(-50EF) there will be small areas of open water

Q = average daily flow, millions of gallons per

day (mgd)

where air will bubble to the surface from a sub-

k = overall reaction coefficient (base e), days-

merged aeration system. Aerated lagoons in central

Alaska (freezing index >5000EF days) have been

1

as used in Alaska and northwest

Canada:

successfully designed assuming a 12-inch ice cover.

typical winter value = 0.14 *(. *33EF)

A single-cell lagoon near Anchorage, Alaska (freez-

typical summer value = 0.28 (60EF-70EF)

ing index 2500EF days), receiving warm sewage has

One can also use: kT = k20(2)(T-20)

an ice cover of less than 3 inches in the winter. If

with k20 =0.28, 2 = 1.036, see table 9-3.

specific values are not available from similar lagoons

in a similar climate, an assumed value of 15 percent

For several cells in series, the equation becomes

of the total for design depth is recommended for ice

cover allowance in arctic and subarctic regions.

About 5 percent will be allowed for sludge

accumulation on the bottom. The depth required for

treatment in the winter is in addition to both of these

where N = number of cells (other terms are defined

factors.

above). This equation can be solved to determine

the optimum number of cells in the system. In

system is required for year-round operation in arctic

general, winter conditions will determine the number

and subarctic regions since icing problems can

and size of cells and summer conditions will control

interfere with performance of surface aerators. The

the design of the aeration equipment. For example,

aeration design for these partial mix lagoons is

assume the following conditions:

based on supplying the required oxygen, not on

keeping all of the solids in suspension. As a result,

influent BOD = 240 mg/L

there will be settlement of sludge on the bottom of

efflfuent BOD5 = 30 mg/L

the lagoon, and some algae growth in the liquid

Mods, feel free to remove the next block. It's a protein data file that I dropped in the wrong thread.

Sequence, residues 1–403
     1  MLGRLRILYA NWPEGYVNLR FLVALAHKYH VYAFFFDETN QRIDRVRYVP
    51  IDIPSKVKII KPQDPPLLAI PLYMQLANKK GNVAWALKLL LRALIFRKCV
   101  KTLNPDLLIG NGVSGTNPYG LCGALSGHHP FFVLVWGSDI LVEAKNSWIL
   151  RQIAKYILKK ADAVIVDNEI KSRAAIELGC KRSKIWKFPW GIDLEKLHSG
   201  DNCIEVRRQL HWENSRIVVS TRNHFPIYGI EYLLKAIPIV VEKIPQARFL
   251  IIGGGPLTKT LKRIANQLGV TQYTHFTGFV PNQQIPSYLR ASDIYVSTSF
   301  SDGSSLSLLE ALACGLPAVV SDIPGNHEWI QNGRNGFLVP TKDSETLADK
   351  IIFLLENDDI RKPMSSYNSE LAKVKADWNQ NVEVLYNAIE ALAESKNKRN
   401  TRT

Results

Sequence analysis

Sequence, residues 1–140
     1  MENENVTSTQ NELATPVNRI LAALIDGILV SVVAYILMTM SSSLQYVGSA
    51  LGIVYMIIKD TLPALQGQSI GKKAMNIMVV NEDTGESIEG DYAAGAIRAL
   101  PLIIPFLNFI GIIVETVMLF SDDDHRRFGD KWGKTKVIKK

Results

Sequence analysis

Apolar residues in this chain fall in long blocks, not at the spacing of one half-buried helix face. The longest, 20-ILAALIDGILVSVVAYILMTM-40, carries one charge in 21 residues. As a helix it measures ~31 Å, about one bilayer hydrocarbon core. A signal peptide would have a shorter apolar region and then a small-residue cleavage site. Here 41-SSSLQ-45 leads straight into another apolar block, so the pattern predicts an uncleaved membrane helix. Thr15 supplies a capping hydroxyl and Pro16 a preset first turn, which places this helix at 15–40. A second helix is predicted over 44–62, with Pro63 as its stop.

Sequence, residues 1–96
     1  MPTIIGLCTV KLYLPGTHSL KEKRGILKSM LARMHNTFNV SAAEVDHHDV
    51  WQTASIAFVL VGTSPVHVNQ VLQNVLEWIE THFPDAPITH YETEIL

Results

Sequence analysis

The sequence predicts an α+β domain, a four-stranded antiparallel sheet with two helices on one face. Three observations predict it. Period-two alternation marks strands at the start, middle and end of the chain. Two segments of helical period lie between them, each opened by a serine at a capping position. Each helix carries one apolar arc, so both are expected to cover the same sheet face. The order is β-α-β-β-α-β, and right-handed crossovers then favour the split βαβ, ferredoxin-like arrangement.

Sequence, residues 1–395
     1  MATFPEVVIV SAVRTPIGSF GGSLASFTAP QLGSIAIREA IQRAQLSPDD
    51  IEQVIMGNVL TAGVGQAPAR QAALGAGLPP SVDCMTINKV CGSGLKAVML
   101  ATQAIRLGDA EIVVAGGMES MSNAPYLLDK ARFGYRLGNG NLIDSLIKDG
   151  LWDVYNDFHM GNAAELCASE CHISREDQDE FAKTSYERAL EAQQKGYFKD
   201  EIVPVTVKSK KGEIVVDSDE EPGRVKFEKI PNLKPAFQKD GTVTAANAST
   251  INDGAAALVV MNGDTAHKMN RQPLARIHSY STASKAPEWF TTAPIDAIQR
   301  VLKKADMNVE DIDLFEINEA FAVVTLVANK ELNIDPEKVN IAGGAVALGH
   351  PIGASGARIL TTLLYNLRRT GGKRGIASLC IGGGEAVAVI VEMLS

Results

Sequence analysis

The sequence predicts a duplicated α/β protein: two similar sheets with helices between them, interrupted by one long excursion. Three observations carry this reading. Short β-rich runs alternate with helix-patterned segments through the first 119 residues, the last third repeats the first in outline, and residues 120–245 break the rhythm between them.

k

winter = 0.14.

portion. Summer conditions control aeration design

since biological reaction rates are the highest and

Then determine the optimum number of cells using

the amounts of oxygen that can be dissolved are the

equation 9-3. For one cell:

lowest. The oxygen required for partial-mix lagoons

will be set at double the organic loading:

O2 = 2(BOD)(Q)(8.34)

(eq 9-4)

and other combinations are shown in the following

table.

where

O2 = oxygen required, lb/day

BOD = influent BOD5, mg/L

Q = design flow, mgd.

Under standard conditions, air contains about

0.0175 pounds per cubic foot (pcf) oxygen (specific

weight of air at standard temperature and pressure

There is no further significant decrease in total

is 0.0750 pcf, with 23.2 percent oxygen), so the air

detention time after three cells, so the design should

required in cubic feet per minute (cfm) is

be based on three. The first cell in a three-cell unit

should contain about half of the design volume.

must allow for ice cover in the winter and sludge

accumulation on a year-round basis. Ice will not

form continuously over the surface of aerated

lagoons. Even under extreme winter conditions

where E = efficiency.

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